3D fiber orientation in atherosclerotic carotid plaques
ArticleAkyildiz, A.C., Chai, C.-K., Oomens, C.W.J., van der Lugt, A., Baaijens, F.P.T., Strijkers, G.J. & Gijsen, F.J.H. (2017). 3D fiber orientation in atherosclerotic carotid plaques. Journal of Structural Biology, 200(1), 28-35. In Scopus Cited 1 times.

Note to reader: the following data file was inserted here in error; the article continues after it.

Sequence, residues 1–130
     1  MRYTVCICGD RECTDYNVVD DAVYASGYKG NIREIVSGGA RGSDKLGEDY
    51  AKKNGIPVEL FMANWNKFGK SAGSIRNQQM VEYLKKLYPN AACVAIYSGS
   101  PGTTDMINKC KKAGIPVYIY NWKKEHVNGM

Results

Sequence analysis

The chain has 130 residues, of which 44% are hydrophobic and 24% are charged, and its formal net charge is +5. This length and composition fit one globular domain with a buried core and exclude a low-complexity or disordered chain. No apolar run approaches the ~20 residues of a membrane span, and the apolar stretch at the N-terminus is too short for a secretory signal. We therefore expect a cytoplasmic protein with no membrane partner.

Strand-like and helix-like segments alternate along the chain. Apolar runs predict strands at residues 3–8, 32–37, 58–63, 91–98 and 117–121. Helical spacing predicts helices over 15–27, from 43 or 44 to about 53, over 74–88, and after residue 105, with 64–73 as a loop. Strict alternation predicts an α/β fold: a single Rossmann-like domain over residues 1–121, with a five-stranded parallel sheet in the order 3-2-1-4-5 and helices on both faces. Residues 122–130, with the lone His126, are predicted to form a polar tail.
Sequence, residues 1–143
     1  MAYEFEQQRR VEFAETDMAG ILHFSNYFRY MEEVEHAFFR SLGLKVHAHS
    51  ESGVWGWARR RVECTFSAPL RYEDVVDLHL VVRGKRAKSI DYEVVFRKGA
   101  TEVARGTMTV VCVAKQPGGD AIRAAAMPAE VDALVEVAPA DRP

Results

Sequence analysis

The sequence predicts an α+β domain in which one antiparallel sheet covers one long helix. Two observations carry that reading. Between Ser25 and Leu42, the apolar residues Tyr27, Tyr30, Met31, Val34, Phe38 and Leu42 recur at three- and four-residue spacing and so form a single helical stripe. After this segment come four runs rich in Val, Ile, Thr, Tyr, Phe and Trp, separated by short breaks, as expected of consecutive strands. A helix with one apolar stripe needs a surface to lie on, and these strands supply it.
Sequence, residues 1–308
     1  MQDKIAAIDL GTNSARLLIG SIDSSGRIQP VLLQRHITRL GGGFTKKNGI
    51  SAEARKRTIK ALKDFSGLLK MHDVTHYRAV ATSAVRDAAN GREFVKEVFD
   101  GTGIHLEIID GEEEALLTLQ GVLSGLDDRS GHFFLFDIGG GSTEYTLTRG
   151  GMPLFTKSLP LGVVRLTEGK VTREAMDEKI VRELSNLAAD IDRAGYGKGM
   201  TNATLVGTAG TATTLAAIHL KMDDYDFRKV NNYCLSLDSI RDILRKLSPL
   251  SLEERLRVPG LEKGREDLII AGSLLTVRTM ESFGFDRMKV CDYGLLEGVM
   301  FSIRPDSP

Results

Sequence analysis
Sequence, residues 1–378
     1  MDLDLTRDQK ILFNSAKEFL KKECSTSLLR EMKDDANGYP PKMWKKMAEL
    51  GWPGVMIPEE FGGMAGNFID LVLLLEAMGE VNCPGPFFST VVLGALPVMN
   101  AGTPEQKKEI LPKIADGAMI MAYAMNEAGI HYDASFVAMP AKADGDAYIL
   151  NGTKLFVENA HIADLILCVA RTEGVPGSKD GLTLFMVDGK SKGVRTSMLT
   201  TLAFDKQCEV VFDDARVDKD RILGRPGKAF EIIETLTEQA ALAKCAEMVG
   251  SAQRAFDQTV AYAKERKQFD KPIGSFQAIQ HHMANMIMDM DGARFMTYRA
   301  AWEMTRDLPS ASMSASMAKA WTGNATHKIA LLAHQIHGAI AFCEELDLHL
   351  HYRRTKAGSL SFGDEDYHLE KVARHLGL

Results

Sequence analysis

Atherosclerotic plaque rupture is the primary trigger of fatal cardiovascular events. Fibrillar collagen in atherosclerotic plaques and their directionality are anticipated to play a crucial role in plaque rupture. This study aimed assessing 3D fiber orientations and architecture in atherosclerotic plaques for the first time.Seven carotid plaques were imaged ex-vivo with a state-of-the-art Diffusion Tensor Imaging (DTI) technique, using a high magnetic field (9.4. Tesla) MRI scanner. A 3D spin-echo sequence with uni-polar diffusion sensitizing pulsed field gradients was utilized for DTI and fiber directions were assessed from diffusion tensor measurements. The distribution of the 3D fiber orientations in atherosclerotic plaques were quantified and the principal fiber orientations (circumferential, longitudinal or radial) were determined.Overall, 52% of the fiber orientations in the carotid plaque specimens were closest to the circumferential direction, 34% to the longitudinal direction, and 14% to the radial direction. Statistically no significant difference was measured in the amount of the fiber orientations between the concentric and eccentric plaque sites. However, concentric plaque sites showed a distinct structural organization, where the principally longitudinally oriented fibers were closer to the luminal side and the principally circumferentially oriented fibers were located more abluminally. The acquired unique information on 3D plaque fiber direction will help understanding pathobiological mechanisms of atherosclerotic plaque progression and pave the road to more realistic biomechanical plaque modeling for rupture assessment.